Investopedia explains Security Market Line - SML The SML essentially graphs the results from the capital asset pricing model (CAPM) formula. The x-axis represents the risk (beta), and the y-axis represents the expected return. The market risk premium is determined from the slope of the SML. The security market line is a useful tool in determining whether an asset being considered for a portfolio offers a reasonable expected return for risk. Individual securities are plotted on the SML graph. If the security's risk versus expected return is plotted above the SML, it is undervalued because the investor can expect a greater return for the inherent risk. A security plotted below the SML is overvalued because the investor would be accepting less return for the amount of risk assumed.

Characteristic Line

What Does Characteristic Line Mean? A line formed using regression analysis that summarizes a particular security or portfolio's systematic risk and rate of return. The rate of return is dependent on the standard deviation of the asset's returns and the slope of the characteristic line, which is represented by the asset's beta. Investopedia explains Characteristic Line A characteristic line of a stock is the same as the security market line, and is very useful when employing the capital asset pricing model, or when using modern portfolio formation techniques. The slope of the line, which is a measure of systematic risk, determines the risk-return tradeoff. According to this metric, the more risk you take on - as measured by variability in returns - the higher the returns you can expect to earn. There is considerable controversy regarding the use of beta as a measure of risk and return.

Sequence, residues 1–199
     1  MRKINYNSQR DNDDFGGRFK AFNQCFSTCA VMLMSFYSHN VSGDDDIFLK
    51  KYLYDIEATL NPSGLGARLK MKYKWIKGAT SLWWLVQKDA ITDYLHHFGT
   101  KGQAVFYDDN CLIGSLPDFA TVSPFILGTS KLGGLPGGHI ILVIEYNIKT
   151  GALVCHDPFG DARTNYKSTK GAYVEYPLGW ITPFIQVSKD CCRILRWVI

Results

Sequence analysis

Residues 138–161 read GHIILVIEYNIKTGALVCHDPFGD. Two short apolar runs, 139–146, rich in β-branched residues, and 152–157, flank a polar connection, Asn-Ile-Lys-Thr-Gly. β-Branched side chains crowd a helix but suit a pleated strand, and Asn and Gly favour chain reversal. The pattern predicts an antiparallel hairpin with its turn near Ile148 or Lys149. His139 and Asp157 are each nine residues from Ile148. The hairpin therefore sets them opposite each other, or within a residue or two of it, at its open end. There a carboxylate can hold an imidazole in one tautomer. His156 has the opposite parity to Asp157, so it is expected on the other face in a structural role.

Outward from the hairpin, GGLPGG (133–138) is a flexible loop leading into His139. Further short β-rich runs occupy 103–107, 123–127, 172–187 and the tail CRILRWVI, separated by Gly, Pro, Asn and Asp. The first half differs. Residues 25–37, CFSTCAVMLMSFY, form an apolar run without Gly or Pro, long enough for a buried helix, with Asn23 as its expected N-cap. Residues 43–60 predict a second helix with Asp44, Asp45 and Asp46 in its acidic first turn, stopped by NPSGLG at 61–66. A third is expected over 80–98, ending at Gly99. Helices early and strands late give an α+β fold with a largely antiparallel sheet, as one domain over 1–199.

Efficient Frontier

What Does Efficient Frontier Mean? A line created from the risk-reward graph, comprised of optimal portfolios.

Investopedia explains Efficient Frontier The optimal portfolios plotted along the curve have the highest expected return possible for the given amount of risk.

Beta

What Does Beta Mean? A measure of the volatility, or systematic risk, of a security or a portfolio in comparison to the market as a whole. Beta is used in the capital asset pricing model (CAPM), a model that calculates the expected return of an asset based on its beta and expected market returns.. Also known as "beta coefficient". Investopedia explains Beta Beta is calculated using regression analysis, and you can think of beta as the tendency of a security's returns to respond to swings in the market. A beta of 1 indicates that the security's price will move with the market. A beta of less than 1 means that the security will be less volatile than the market. A beta of greater than 1 indicates that the security's price will be more volatile than the market. For example, if a stock's beta is 1.2, it's theoretically 20% more volatile than the market. Many utilities stocks have a beta of less than 1. Conversely, most high-tech Nasdaq-based stocks have a beta of greater than 1, offering the possibility of a higher rate of return, but also posing more risk.

Alpha